x Abu Dhabi, UAEMonday 22 January 2018

Better habits are key to getting a good night's rest

Dr Khaldoun Mozahem of the American Center of Psychiatry and Neurology offers some valuable advice on how to counter insomnia.

The sleep expert Dr Khaldoun Mozahem.
The sleep expert Dr Khaldoun Mozahem.

If you're regularly not catching enough shut-eye, it not only affects your professional and social life, but also has long-term detrimental health consequences. Dr Khaldoun Mozahem, a Syrian neurologist who works at the American Center of Psychiatry and Neurology, is a specialist in sleep disorders. He explains the issues surrounding lack of sleep.


Insomnia is not a disease or condition in itself; it's a symptom of something else. It can either be difficulty in getting to sleep or after you fall asleep, you keep waking up during the night.


A lot of people in the UAE do have inappropriate sleeping times. They stay up all night socialising with friends and then they sleep during the day. This is against nature. We were created to sleep at night and stay up and be active in the day. Humans are not nocturnal animals. Also, people tend to stimulate their brains too much in the evening. The glare from the monitor or the TV are all stimulants to the brain. Your body needs ritual to go to bed. You cannot go from watching an action movie to going straight to sleep. You have to relax, you have to prepare yourself. I find reading a boring book can really help. Your bedroom should have nothing in it really, except the bed. TVs, computers and fridges need to be kept in another room. If you live in a studio apartment, you should put up a screen or curtain to separate where you sleep from where you live.


Even if you feel really tired, you should avoid napping during the day, unless you really can't help it. Then, it should only be for an hour at most and not after 3pm.

Health problems

Most of us need about eight hours of good sleep a night for our body to recover. If we don't sleep properly it affects the immune system and the secretion of hormones. Sleep is also important for what we call consolidation of experiences. During the day, we are creating a lot of information via our senses. All this goes into the brain and then, during sleep, you tend to overview this information and get rid of what's unnecessary. So, you need plenty of sleep to prevent psychological issues.

Medical reasons

Sleep apnoea is a very common reason why some people don't sleep properly. Around four per cent of men and two per cent of women suffer from it. What causes it is a tendency in the upper airway for the muscles to relax more than usual. This means the airflow stops and the oxygen in the blood will go down. The brain thinks you are choking and because of this you will keep fluctuating in the night between deep sleep, light sleep and waking up. It is caused by many things, such as obesity, or anatomical problems, like a large tongue. Most of the time it's just that the muscles are prone to relax more. This is treated with a device that blows a constant stream of air into the airways.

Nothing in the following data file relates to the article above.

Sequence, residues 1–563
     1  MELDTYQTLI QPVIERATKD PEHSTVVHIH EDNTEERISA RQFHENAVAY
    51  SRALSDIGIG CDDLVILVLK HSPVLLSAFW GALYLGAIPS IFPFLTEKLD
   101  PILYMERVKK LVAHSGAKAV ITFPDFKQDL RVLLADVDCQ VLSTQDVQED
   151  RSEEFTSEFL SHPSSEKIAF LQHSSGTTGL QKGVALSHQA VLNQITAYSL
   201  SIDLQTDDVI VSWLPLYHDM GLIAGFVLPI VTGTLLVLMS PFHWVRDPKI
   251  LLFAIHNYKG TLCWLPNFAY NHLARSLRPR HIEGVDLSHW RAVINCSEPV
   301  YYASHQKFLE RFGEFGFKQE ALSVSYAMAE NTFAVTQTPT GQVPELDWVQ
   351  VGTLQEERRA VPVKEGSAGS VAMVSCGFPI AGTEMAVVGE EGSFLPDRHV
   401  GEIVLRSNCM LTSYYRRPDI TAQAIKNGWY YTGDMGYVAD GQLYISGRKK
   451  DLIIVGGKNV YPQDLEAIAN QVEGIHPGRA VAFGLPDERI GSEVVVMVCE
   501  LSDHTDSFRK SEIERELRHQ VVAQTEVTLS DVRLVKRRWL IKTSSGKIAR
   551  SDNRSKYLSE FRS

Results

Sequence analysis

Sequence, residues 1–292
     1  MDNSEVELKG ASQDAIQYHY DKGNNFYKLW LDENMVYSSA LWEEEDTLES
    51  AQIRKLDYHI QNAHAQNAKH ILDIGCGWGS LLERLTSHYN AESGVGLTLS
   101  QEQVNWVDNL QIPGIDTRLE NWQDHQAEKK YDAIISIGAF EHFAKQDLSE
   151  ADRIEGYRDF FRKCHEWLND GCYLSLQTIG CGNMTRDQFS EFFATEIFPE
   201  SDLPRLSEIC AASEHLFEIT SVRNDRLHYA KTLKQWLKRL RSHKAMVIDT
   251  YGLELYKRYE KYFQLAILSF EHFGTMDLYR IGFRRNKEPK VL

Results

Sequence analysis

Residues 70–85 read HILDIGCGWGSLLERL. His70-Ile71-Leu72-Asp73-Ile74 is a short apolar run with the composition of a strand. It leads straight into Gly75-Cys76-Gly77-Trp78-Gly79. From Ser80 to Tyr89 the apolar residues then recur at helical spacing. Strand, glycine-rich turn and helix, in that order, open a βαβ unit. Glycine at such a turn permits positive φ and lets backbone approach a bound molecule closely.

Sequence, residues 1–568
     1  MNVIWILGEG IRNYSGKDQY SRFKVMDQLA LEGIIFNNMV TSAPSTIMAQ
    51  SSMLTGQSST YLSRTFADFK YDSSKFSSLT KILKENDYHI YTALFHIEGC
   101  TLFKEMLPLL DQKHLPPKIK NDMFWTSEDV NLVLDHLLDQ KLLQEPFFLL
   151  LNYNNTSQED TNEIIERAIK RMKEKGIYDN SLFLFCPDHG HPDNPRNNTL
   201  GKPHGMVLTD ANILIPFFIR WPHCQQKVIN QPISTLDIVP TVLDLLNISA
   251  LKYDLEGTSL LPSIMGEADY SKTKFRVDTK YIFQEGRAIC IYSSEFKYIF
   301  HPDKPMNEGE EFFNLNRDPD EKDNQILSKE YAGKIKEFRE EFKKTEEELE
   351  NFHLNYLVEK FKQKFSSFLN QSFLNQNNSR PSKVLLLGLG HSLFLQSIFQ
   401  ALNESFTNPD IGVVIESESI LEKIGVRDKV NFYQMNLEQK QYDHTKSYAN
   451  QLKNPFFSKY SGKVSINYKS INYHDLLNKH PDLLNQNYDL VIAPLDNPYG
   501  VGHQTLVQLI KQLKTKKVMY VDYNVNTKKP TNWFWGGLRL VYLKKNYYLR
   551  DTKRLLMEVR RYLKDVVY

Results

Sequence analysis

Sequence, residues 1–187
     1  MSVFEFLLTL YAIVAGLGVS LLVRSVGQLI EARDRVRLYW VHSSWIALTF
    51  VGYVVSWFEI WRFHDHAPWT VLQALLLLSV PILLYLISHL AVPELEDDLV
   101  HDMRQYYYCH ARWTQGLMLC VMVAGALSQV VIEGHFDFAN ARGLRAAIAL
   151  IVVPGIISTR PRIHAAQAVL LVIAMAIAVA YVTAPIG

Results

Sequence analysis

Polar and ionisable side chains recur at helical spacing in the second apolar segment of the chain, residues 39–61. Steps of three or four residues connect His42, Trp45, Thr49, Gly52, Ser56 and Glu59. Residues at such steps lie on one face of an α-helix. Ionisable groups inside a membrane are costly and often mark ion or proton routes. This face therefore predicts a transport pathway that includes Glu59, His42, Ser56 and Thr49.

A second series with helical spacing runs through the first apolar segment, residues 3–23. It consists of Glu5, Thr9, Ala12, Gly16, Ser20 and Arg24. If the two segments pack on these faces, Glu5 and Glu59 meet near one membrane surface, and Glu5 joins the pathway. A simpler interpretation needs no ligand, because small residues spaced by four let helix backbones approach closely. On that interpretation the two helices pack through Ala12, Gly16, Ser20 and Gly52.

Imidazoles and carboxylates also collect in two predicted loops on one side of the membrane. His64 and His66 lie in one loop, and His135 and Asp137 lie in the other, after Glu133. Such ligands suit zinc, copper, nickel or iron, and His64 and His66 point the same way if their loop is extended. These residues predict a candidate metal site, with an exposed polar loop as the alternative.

The second most common thing we encounter is restless leg syndrome. People with this have funny feelings, itching or discomfort in their legs which require them to move the limb, both when awake and asleep. This is caused by an abnormality in the spinal cord or brain, but it can be treated with medicine.

Psychological reasons

Insomnia can be a symptom for something like depression or anxiety. For people suffering from post-traumatic stress disorder, one of the features will be bad dreams, waking up in the night with memories of their bad experience. If it is suspected that this is the cause of insomnia, the patient is referred to a psychiatrist.

The American Center for Psychiatry and Neurology, located on the corner of 11th and 26th Street, Abu Dhabi, offers sleep consultation studies, which cost Dh4,000. Call 02 666 4866 for more information


More tips for a good night's sleep:

• Nicotine is a stimulant, so don't light up close to bedtime or during the night

• A late night espresso is a bad idea. Caffeine should be avoided at least six hours before sleeping

• Strenuous exercise close to your bedtime will keep you awake, although yoga or stretching can help relax you

• A light snack can help sleep, but large meals need to be digested, meaning you'll probably lay awake

• Minimise light, noise and extremes in temperature in your bedroom. Maybe it's time to buy some earplugs

• Listen to your body and go to sleep if you're drowsy at night - that next episode of Mad Men can wait

• If you can't sleep, get up and go and read in another room, only returning when you feel sleepy

• Maintain a regular sleep routine. Go to bed and wake up at similar times, even on weekends